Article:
Microsoft’s Vasu Jakkal: AI will transform cybersecurity - and tackle the cyber skills shortage
Cybersecurity is getting the generative AI treatment, with Microsoft’s new Security Copilot service incorporating the same artificial intelligence technology that has taken the world by storm.
Security Copilot combines OpenAI’s GPT-4 generative AI with a security-specific model Microsoft has created. It allows cybersecurity professionals to enter prompts to find out about the status of a network’s security, and to ask advice about steps to take when a cyber attack is in progress.
Copilot works with Microsoft Defender and Sentinel, the software giant’s flagship security products, but via APIs (application programming interfaces) can also interact with other security tools an organisation is deploying.
View a demo of Microsoft Cybersecurity Copilot here.
Vasu Jakkal, Microsoft’s Corporate Vice President for Security, Compliance, Identity and Privacy, says AI is part of the answer to the escalating wave of cyberattacks - and the dearth of skilled cybersecurity analysts forming the front line against them.
Defenders are not winning
“We realize actually we actually need to change the entire game itself because we are not winning in this game. Like, the defenders are not winning,” Jakkal told Tech Blog.
When Jakkal joined Microsoft in July 2020, in the midst of the pandemic, Microsoft research estimated that there were 567 password-related attacks underway every second, globally.
“The latest data is 1287 password attacks [per second],” she says.
“So you have this absolute proliferation of attacks, you have less and less time for our attacker for defenders to contain the escalation.”
AI has gradually been integrated into network, device and application cybersecurity in recent years, but the arrival of ChatGPT-like functionality in a console connected to an entire security environment is a new development. Given the ubiquity of Defender and Sentinel in businesses across the world, that has major implications for how cybersecurity issues are researched, detected and addressed.
Security Copilot allows the type of conversational AI interaction that has aided in the generation of college essays and computer code. But it goes further.
“It's grounded and trained by our 65 trillion signals that we see every single day and also by human threat intelligence,” says Jakkal.
“It’s domain-specific, trained on cyber skills, investigation and hunting and reverse engineering skills.”
Using text prompts, users can ask Security Copilot research questions about cyber threats, but also ask for updates on your “entire digital estate”, Jakkal says. You can also paste a URL or snippet of code into the prompt window to ascertain its security status.
The Security Copilot console
“It will be able to leverage defenders Sentinel your cybersecurity tools and give you an answer and it will be able to interact with you in human language which is also really important,” Jakkal says.
“If you don’t have reverse engineering [skills], great. You can go click on a skill and choose that.”
A collaboration space in the Security Copilot allows you to pin information to show team members, speeding up investigations. If you don’t know what you are looking for, Security Pilot will prompt you for more information. It’s like a helpdesk chatbot for the people responsible for keeping an organisation secure in the digital world.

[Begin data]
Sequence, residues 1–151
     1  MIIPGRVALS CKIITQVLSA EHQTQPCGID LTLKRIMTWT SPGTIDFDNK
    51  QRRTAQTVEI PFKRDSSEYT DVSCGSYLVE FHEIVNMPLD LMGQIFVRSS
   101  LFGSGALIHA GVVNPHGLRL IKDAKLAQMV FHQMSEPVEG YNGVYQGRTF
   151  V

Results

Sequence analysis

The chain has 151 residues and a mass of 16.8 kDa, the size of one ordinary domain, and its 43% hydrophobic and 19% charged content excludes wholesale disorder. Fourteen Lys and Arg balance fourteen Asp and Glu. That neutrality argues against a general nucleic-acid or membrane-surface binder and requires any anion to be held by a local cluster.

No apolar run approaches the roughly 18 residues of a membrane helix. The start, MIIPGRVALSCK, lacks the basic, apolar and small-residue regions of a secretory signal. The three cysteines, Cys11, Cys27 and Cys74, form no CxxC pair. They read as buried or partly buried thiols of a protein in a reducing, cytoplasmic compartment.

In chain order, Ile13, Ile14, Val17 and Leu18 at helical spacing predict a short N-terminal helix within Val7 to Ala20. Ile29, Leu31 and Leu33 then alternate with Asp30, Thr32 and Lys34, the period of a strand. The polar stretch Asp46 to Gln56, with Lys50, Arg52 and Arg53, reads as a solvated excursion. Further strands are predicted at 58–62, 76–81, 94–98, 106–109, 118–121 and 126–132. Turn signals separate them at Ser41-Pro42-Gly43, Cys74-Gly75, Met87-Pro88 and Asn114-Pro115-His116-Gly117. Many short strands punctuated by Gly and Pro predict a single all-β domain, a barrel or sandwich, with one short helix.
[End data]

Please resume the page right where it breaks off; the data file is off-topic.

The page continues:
The ability to create a prompt book means individual members of a cyber team can standardise their prompts for best results, and Security Copilot creates an audit trail useful for evaluating how a cyber incident was dealt with.
The cyber talent shortage
But Security Pilot, like ChatGPT, will make mistakes, which users can offer feedback on to improve the model. But an organisation’s data used with Security Copilot doesn’t leave its digital estate - an important privacy and data security consideration.
Jakkal says cyber analysts have little to fear from Security Copilot and its automation of cybersecurity processes. According to the OECD, there is a worldwide shortage of cybersecurity workers amounting to 3.5 million workers. In New Zealand, says Jakkal, the cybersecurity worker shortage is 16.5 times what it was in 2013.
At the same time, the pace of cyber-attacks has increased. According to Microsoft’s research, the average time between an unsuspecting user clicking on a phishing link and entering log-in details, and an attacker gaining access to private data, is now one hour and 12 minutes.
“So you have this absolute proliferation of attacks you have less and less time for our attacker for defenders to contain the escalation,” she says.
In using automation of cybersecurity processes to tackle the skills shortage, Jakkal says it can also foster a more diverse cybersecurity workforce, by
“It's not that people don't want to choose cybersecurity, but it's hard for them to see a role for themselves,” she says.
“And many times, they don't know where to start because it is very technical. It's very complex.”
Microsoft has undertaken to train 250,000 cybersecurity professionals by 2025 and has partnered with Te Pūkenga aimed at underrepresented learners. Says Jakkal: “It's going to invite an entire population of diverse minority talent which never had a seat at the table before.”
Microsoft Security Copilot is now available in private preview with customers.
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